The Bangkok-based Architecture firm S+PBA has been invited to attend the exhibition Water- Curse or Blessing!? organized by Aedes East – International Forum for Contemporary Architecture n.p.o. as part of the Asia Pacific Weeks 2011. The event will take place at Aedes Gallery in Berlin from the 9th to 21st September 2011.
As a possible response to the problem of the rising sea levels and the rapid sinking of the capital city of Bangkok, S+PBA will present its more recent project A Post Diluvian Future, a prototype community that takes its inspiration from Thailand’s centuries old traditions of floodconscious aquatecture and turn it into a contemporary sustainable and visually stunning Wetropolis. A Post Diluvian Future is a project by Architects Songsuda Adhibai, Ponlawat Buasri and Taylor Lowe from S+PBA.
A Post-Diluvian Future S+PBA
While most of the world follows the standard from dust to dust, ashes to ashes cycle, Bangkok prefers something wetter: from water to water. Almost 300 years after rising from the marshy banks of the Chao Phraya, it appears Bangkok will return to its watery origins. A recent UN study estimates that much of the metropolitan area will need to be abandoned by the middle of the century. Bangkok’s population is growing by approximately 100,000 residents per year, just as the city itself is shrinking below sea level 4“ per year. While most cities in this position could simply increase urban density by building up, this would only hasten Bangkok’s subterranean slide. It is the blinding growth of Bangkok’s built environment combined with the over-exhausted aquifers 2 m below the city surface that is causing the city’s physical depression. We are left then with a Post-Diluvian dilemma currently facing many world cities: do we sink or swim, flee or float?
With the city sinking 10 cm below a sea level that is rising by 40 cm annually, the safest place to create new architecture is above water. As it happens, Bangkok is surrounded by fields of water; brackish, polluted water remaining from an oversaturated shrimp farming industry whose very growth precipitated its own demise. Erstwhile shrimp farmers, who can no longer sustain shrimp life in their polluted plots, are currently selling their water-fields to developers who bury the water in housing racts, or to the government, who hopes to restore the once thriving mangrove ecosystem. While the government’s aspirations would yield considerable environmental benefits to the metropolis, they cannot compete with the prices developers would pay for the equivalent water field. Developers, though paying the shrimp farmers slightly more, constitute an entirely negative environmental force by encouraging urban spread and commuting, by stifling the possibility for open space, and by simply burying brown-field environments with expensive flood-susceptible, cold weather foreign architecture. Each party is thus engaged in a win-lose proposition: suburbs will impair government mangroves, water will submerge suburbs, and shrimp farmers will lose their livelihood. City dwellers, developers, shrimp farmers and the environment all lose more than they gain.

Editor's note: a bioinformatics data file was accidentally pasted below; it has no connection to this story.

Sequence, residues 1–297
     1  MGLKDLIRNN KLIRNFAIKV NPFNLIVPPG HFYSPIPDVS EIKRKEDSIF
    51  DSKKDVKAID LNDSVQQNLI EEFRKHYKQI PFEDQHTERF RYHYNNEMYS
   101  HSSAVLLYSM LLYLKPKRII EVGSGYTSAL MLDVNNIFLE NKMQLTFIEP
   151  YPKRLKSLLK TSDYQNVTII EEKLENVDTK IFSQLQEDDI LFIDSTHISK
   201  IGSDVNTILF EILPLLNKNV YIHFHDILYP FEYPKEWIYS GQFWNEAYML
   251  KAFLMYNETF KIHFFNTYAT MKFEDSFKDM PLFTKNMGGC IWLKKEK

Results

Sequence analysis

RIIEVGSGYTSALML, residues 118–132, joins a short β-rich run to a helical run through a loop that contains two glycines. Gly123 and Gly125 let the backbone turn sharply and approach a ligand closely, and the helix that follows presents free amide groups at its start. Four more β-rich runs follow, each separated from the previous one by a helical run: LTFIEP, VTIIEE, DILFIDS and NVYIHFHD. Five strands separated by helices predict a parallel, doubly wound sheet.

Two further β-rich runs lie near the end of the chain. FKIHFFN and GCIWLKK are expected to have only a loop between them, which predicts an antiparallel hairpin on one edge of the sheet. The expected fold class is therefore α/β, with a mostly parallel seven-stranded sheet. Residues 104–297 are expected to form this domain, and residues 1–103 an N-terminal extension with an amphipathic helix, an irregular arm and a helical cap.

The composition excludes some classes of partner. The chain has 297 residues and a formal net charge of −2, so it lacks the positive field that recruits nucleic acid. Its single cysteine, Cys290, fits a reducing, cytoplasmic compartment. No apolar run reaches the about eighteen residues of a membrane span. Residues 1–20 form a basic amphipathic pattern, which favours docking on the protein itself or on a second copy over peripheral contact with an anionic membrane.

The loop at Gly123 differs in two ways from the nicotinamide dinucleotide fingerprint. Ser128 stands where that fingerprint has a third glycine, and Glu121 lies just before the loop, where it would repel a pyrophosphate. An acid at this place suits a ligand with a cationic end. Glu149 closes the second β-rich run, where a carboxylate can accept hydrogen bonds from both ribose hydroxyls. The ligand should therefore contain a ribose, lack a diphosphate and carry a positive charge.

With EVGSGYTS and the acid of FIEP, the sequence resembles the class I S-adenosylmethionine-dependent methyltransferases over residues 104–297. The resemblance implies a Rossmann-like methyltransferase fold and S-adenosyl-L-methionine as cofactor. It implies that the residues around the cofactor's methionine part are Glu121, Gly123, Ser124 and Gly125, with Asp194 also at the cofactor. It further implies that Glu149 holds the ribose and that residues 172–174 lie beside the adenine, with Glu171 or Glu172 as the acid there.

This negative economy of loss occurs because Bangkok is still laboring under a very antediluvian mindset where flooding is considered a crisis and not a constant. Bangkok has always been flooded and the latest apocalyptic predictions only suggest that flooding will return with increased consistency. Once the city is submarine, can we even call this phenomenon flooding? Flooding implies a passing phase rather than a fixed environment, and yet, at the current juncture, water is much more predictable than land. In order to initiate a Post-Diluvian perspective that designs for water we must abandon the Metropolis in favor of the Wetropolis, and Architecture in favor of Aquatecture. Towards a Post Diluvian Future will propose a Post-Diluvian prototype community that transforms principles from Thailands centuries old traditions of flood-conscious aquatecture into a contemporary, sustainable and visually stunning Wetropolis. We will examine the entirely supra-marine stilt home community of Koh Pan Yii that hovers above the Andaman sea in Southern Thailand, successfully sustaining all of the typical functions of an urban community—schools, public spaces, hospitals, utilities, industry. However, unlike Koh Pan Yii, we will provide a design solution that minimizes its foot print on the water, thereby enabling the continued cultivation of mangrove forests that will supply the community with carbon dioxide mitigating flora, with a natural effluent filtration system, with some of the only green open space in Bangkok and with moderate local shrimp farming. Our goal is not to replace the Metropolis with the Wetropolis, but to exceed it. We will design a community prototype elevated above the acres of underutilized shrimp farms that aligns the interests of shrimp farmers, urbanites, developers and the government by simultaneously sustaining mangrove restoration, modest shrimp farming, and a growing population in a sinking city that can thrive unaffected by the impending floods.
Blessing or Curse? Flooding, according to our community vision, will constitute a cathartic ablution, not a cataclysmic obliteration, of Bangkok. Water, detoxifying water, will wash away the 20th century’ s misguided substitutions of aircon for context, roads for canals, indoors for outdoors, anesthetic environments for aesthetic environments.